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Data and diplomacy

In Focus: Reporting from eCommerce week on Data and Development
Described as the ‘oil’ of the 21st century, the potential of data to achieve breakthroughs in various industries and fields is significant. Diplomacy is no exception.

Data and diplomacy have three major interplays: data shapes digital geopolitics; data governance is a topic on the diplomatic agenda and data is a tool in diplomacy.

These interplays can be explored by grasping the cross-cutting nature of data governance, as shown in the image below.

At the technical level, data need standards in order to be interoperable. Here, the work of standardisation and technical bodies comes into play.

At the security level, data is subject to many breaches. In the last few years, millions of email accounts, credit card information, social security numbers, and other personal data, were stolen. Data security is at the centre of activities of the tech industry and governments worldwide.

At the economic level, the Internet business model is based on data. The role of tech companies which handle and process users’ data, and the role of authorities to ensure users and their data are protected, come into play.

At the legal and human rights level, the main issue pertains to the protection of users’ rights, including the right to privacy and data protection as well as protection from mass surveillance. Since rules are anchored in geographical spaces, jurisdiction is often the main issue that arises in disputes. Courts are increasingly becoming de facto rule-makers. Civil society plays an important role in advocating for users’ rights.


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What is the difference between data, information, and knowledge?

Data pyramid - Knowledge, Information, Data

Here are the details about the pyramide’s three levels:

Data: Facts and figures which relay something specific, but which are not organized in any way and which provide no further information regarding patterns, context, etc. I will use the definition for data presented by Thierauf (1999): “unstructured facts and figures that have the least impact on the typical manager.”

Information: For data to become information, it must be contextualized, categorized, calculated and condensed (Davenport & Prusak 2000). Information thus paints a bigger picture; it is data with relevance and purpose (Bali et al 2009). It may convey a trend in the environment, or perhaps indicate a pattern of sales for a given period of time. Essentially information is found “in answers to questions that begin with such words as who, what, where, when, and how many” (Ackoff 1999).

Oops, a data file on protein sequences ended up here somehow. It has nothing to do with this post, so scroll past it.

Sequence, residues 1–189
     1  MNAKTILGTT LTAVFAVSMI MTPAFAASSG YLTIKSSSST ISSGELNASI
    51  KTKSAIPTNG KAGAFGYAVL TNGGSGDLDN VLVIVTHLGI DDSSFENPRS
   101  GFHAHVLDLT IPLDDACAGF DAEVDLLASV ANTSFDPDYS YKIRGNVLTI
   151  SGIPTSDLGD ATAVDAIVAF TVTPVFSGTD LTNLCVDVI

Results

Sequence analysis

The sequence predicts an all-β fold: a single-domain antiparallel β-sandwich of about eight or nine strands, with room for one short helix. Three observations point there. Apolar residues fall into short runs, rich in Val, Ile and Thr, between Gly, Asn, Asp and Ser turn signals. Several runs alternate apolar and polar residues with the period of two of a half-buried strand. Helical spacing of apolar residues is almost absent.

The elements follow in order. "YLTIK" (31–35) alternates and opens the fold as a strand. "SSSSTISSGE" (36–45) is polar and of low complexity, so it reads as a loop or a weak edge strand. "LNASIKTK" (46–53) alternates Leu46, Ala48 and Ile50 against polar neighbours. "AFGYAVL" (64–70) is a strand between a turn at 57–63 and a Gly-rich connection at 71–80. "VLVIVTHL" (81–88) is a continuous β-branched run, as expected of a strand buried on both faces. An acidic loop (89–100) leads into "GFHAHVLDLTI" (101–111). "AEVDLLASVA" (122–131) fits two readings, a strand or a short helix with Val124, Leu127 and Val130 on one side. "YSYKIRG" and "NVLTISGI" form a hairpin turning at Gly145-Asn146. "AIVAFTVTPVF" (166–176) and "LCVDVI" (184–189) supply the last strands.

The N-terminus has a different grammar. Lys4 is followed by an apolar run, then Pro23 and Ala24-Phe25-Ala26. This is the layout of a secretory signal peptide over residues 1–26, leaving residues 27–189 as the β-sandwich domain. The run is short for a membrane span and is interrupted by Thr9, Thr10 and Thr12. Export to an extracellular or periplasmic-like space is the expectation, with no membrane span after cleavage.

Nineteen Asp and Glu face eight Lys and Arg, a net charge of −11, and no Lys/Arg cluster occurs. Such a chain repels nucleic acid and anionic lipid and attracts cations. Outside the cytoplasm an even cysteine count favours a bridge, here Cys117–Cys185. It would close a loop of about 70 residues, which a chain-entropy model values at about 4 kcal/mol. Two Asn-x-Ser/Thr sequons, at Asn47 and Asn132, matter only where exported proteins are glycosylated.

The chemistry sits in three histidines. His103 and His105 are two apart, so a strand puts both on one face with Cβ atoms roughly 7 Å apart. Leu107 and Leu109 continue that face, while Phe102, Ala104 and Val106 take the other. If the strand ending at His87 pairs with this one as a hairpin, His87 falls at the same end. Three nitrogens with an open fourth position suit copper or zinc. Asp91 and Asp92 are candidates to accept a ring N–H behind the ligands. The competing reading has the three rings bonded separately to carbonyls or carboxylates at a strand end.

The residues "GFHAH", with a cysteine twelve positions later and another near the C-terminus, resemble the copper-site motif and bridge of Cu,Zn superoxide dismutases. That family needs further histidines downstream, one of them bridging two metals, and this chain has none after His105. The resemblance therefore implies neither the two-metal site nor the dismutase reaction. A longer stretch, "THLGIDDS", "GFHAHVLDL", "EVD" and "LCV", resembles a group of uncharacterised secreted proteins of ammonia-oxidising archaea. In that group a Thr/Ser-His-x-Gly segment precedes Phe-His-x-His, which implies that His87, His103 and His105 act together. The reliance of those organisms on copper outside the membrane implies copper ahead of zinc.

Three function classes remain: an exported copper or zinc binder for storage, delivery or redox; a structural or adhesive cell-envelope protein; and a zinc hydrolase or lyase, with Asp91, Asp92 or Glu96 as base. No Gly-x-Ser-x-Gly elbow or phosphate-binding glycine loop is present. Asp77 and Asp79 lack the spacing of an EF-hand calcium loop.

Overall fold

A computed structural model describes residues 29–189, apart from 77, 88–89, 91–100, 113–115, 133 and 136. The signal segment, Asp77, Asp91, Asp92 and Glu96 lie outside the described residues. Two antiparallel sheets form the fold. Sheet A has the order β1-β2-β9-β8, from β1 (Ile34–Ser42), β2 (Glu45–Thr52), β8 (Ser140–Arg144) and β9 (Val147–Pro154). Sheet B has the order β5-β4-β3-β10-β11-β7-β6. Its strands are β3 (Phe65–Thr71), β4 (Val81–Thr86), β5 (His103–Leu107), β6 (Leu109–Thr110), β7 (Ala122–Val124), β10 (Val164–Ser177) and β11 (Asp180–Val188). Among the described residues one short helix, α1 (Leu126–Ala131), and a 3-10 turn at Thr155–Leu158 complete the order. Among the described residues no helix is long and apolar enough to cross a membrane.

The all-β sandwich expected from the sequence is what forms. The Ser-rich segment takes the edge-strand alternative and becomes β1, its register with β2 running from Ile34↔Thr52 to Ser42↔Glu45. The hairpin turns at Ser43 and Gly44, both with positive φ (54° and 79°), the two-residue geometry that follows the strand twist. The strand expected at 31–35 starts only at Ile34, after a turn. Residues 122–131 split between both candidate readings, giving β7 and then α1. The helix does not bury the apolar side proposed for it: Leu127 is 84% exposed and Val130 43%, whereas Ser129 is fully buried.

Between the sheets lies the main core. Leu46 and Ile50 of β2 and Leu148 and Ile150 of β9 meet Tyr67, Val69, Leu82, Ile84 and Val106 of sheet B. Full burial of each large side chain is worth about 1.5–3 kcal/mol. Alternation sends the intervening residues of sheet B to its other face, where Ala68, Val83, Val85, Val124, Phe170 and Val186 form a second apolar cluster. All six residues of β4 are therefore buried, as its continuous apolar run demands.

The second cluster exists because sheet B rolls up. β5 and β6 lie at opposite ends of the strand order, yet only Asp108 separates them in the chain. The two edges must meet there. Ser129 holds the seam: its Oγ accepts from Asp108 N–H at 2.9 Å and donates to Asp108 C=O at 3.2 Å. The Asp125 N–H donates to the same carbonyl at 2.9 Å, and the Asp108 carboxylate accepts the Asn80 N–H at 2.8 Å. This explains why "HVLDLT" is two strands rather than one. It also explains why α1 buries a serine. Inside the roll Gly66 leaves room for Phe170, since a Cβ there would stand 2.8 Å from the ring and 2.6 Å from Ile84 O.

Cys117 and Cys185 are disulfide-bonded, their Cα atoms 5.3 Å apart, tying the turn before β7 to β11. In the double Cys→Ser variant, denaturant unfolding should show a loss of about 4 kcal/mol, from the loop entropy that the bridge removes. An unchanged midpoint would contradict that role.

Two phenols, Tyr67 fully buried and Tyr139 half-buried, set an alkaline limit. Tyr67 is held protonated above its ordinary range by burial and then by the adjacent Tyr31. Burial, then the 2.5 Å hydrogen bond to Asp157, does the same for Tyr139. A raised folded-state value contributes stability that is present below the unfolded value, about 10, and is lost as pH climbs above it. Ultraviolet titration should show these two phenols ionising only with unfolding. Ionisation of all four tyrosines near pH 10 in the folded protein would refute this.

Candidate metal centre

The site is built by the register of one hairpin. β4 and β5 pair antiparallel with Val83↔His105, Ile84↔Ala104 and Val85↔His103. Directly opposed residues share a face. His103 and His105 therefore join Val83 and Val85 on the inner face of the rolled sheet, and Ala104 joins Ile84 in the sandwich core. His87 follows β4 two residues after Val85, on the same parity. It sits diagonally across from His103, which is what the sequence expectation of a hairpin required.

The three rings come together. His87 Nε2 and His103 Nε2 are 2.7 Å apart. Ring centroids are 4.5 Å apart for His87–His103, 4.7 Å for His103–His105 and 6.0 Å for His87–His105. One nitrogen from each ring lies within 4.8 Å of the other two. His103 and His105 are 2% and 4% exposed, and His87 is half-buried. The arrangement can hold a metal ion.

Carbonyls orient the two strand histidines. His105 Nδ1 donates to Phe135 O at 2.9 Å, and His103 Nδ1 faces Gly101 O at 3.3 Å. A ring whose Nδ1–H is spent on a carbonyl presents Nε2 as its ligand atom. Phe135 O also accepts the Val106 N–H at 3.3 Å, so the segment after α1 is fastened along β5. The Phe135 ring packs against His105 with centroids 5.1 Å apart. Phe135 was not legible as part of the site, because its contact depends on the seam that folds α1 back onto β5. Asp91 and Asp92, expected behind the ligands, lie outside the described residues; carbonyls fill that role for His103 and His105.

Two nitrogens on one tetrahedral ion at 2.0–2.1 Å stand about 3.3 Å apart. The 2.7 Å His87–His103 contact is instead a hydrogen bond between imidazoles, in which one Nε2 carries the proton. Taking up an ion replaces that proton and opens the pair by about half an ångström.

IT is usually invaluable in the capacity of turning data into information, particularly in larger firms that generate large amounts of data across multiple departments and functions. The human brain is mainly needed to assist in contextualization.

Knowledge: Knowledge is closely linked to doing and implies know-how and understanding. The knowledge possessed by each individual is a product of his experience, and encompasses the norms by which he evaluates new inputs from his surroundings (Davenport & Prusak 2000). I will use the definition presented by Gamble and Blackwell (2001), based closely on a previous definition by Davenport & Prusak:

“Knowledge is a fluid mix of framed experience, values, contextual information, expert insight, and grounded intuition that provides an environment and framework for evaluating and incorporating new experiences and information. It originates and is applied in the mind of the knowers. In organizations it often becomes embedded not only in documents or repositories, but also in organizational routines, practices and norms.”

Making use of data abundance

In order to make use of abundance, the first question one should ask is what is the potential of data in diplomatic practice.



Data could be used to better inform foreign policy, measure foreign and domestic sentiments, or to monitor quickly-unfolding emergency situations. In addition to serving as a tool, data arises as a topic on the diplomatic agenda, from data-sharing between countries and the protection of personal data across borders, to the regulation of e-commerce data flows and international standards related to data. Finally, referring back to the oil metaphor, i.e. data becoming increasingly valuable, it can be regarded as a factor in geopolitical power dynamics, placing significant leverage on those countries and actors that collect, store, and control data and its infrastructure.

Where is data governance addresses?

In the diplomatic context, data and related topics are addressed in international forums, but also at regional and bilateral levels. To illustrate, questions pertaining to data sharing have been addressed at the Internet Governance Forum (IGF) since its outset.

Regional bodies, including the Association of Southeast Asian Nations (ASEAN), the Council of Europe (CoE), and the Organization of American States (OAS), have tackled the protection of personal data, while the USA and the UK have, for instance, bilaterally negotiated the issue of data access by which British legal authorities can access data from American communications providers without review by US authorities, and vice versa.

What’s next?

Join us for the various events related to data diplomacy, and get in touch with us:

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